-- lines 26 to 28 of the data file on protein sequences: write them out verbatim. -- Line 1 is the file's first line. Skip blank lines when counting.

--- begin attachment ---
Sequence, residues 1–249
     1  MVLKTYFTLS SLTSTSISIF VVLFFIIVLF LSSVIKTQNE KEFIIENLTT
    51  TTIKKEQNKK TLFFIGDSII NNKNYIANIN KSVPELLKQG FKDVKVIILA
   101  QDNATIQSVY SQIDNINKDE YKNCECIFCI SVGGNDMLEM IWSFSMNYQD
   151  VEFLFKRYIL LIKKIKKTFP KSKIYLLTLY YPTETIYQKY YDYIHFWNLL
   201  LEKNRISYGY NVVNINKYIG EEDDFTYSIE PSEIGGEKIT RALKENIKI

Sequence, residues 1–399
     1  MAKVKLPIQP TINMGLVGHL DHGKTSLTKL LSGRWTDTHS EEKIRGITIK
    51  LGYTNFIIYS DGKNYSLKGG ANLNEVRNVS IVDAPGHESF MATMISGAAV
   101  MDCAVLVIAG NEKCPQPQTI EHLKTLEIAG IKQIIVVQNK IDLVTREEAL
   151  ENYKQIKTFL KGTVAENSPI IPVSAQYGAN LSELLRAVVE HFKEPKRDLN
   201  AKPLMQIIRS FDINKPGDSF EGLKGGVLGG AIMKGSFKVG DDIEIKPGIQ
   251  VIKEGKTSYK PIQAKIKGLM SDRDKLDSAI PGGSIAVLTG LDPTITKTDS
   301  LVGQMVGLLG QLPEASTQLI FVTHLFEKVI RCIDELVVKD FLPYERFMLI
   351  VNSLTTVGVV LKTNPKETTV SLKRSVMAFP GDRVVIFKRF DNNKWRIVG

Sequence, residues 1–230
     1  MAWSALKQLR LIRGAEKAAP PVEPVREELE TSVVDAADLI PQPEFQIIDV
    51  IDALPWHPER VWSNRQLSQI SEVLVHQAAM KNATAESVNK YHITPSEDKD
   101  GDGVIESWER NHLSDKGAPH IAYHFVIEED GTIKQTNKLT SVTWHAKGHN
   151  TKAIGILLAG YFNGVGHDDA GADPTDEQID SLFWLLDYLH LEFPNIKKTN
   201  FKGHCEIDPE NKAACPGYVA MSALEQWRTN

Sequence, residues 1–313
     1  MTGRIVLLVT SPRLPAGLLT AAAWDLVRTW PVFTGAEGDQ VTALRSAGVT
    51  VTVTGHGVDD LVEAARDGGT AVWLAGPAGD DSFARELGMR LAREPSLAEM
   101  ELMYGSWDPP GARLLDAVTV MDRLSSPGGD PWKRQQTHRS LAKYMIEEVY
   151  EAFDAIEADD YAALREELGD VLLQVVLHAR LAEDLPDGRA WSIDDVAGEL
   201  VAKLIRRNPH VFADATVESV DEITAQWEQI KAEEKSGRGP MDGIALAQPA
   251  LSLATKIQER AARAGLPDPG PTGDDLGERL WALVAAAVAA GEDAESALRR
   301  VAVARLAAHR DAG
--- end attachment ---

   151  EAFDAIEADD YAALREELGD VLLQVVLHAR LAEDLPDGRA WSIDDVAGEL
   201  VAKLIRRNPH VFADATVESV DEITAQWEQI KAEEKSGRGP MDGIALAQPA
   251  LSLATKIQER AARAGLPDPG PTGDDLGERL WALVAAAVAA GEDAESALRR